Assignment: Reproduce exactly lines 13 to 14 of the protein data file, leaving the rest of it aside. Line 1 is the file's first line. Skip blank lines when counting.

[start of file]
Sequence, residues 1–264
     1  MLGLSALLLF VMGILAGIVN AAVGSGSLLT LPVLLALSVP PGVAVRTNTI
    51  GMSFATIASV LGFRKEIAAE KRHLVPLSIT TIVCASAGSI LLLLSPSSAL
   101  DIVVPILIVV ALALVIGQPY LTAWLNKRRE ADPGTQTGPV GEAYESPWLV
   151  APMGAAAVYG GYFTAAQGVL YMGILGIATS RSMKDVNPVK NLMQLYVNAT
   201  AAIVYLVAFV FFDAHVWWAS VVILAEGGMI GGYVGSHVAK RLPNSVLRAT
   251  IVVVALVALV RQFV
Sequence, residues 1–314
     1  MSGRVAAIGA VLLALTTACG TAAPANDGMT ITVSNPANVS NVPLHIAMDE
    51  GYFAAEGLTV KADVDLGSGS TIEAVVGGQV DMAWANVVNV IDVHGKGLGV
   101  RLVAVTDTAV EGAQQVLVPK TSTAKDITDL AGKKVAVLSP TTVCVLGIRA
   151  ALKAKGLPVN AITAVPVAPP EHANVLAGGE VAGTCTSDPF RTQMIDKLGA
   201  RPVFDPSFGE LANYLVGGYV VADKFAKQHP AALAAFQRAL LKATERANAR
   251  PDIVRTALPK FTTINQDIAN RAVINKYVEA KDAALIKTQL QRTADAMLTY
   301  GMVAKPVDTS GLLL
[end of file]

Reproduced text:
   201  RPVFDPSFGE LANYLVGGYV VADKFAKQHP AALAAFQRAL LKATERANAR
   251  PDIVRTALPK FTTINQDIAN RAVINKYVEA KDAALIKTQL QRTADAMLTY